Why electrode configuration is important to the electrical testing of materials
Concentric electrodes may not be used for determining resistances of materials which are not homogeneous and for those with directionality in their surface conductivity
ASTM D257, AATCC 76 and ESD S11.11 may be used to characterize materials if the technologist understands the material being tested and its intended application
False assumptions are implicit in most simple meters and test methods purporting to measure surface resistivity directly. They employ electrode configurations valid only for special cases. Surface resistivity measurements assume a desire to know the electrical resistance from point to point on the surface. This can be measured directly by the use of a pair of electrodes, either circular or rectangular, on the surface, without regard to the path of flow. This is the basis of NFPA-type resistance measurements for floors, adopted by both ASTM and UL, and for both working surfaces and walking surfaces by the ESD Association. It is necessary to specify electrode size, spacing, and voltage.
The disadvantage of this method is that it does not measure an inherent property of the material, but only of the particular test specimen in the configuration employed. The advantage is that it usually yields desired results without ascribing false properties which may lead to serious design errors.
The use of only concentric electrodes does not allow valid characterization of materials if the material has any non uniformity in its conductivity either in surface or volume directionality. These electrodes may mask serious continuity problems.
Fowler Associates uses whichever test method is appropriate to truly determine the material's functionality in its intended application.
ASTM D257: Most cited test method for surface or volume resistivity, is more of a tutorial than a method, is specified for insulating materials only, has broad applicability and gives wide options on methodology both in electrode configuration and applied voltage, based on intended use.
AATCC 76: Used by the textile industry as a simple, direct method to measure the surface resistive properties of fabrics. The results are meaningful for thin, flexible, relatively homogenous materials with conductive ability on or near the surface; and for such materials having directional differences in surface conductance, such as with textile materials. The method is a special case of a surface resistivity measurement from D257 in which parallel electrodes or concentric rings are used, with sizes and spacing appropriate to the application, and no guard electrode employed.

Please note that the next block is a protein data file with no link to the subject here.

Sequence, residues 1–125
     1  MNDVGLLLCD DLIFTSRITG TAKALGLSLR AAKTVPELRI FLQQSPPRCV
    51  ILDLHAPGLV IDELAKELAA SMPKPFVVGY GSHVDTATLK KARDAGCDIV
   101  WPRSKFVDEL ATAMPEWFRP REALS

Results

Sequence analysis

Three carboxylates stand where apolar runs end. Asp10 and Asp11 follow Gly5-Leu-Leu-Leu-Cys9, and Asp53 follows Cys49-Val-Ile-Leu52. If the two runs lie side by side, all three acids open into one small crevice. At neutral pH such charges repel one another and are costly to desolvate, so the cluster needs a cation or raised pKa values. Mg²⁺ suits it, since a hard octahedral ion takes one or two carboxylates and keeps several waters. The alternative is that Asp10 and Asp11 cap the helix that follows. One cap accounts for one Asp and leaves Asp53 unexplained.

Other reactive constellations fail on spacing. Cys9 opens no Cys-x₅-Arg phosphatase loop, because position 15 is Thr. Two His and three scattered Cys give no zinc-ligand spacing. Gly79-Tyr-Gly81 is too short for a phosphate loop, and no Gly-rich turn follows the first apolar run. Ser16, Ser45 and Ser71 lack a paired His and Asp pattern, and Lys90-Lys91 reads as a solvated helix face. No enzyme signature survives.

ESD S11.11: Used for electrostatic control applications of planar materials. The method is a specific case of ASTM D257 with the electrode configuration, weight and applied voltage fixed in an attempt to reduce lab to lab variations. The electrodes are an inner disk surrounded by a concentric ring in a fixed 3 dimemsional relationship. The applied voltage is 100 volts for materials in the dissipative range.
ASTM D257 users usually do not read it fully before they use it or cite it. It is particularly important to note that "surface resistivity" is often not definable or measurable, even in insulative materials of the sort specifically dealt with in D257. Surface resistivity does not exist as a basic material property in most of the materials of interest in ESD protection. This is because surfaces do not usually have electrical properties which are distinct from bulk properties and the flow of current from point to point over a surface cannot be described as a surface phenomenon only.
Figure 1 Parallel Electrodes
When W = L (a square configuration), then ss = R. regardless of the size of the square Thus the term "ohms/square". Although dimentionaly the same, "ohms/square" differentiates surface resistivity measurements from simple resistance measurements ( R).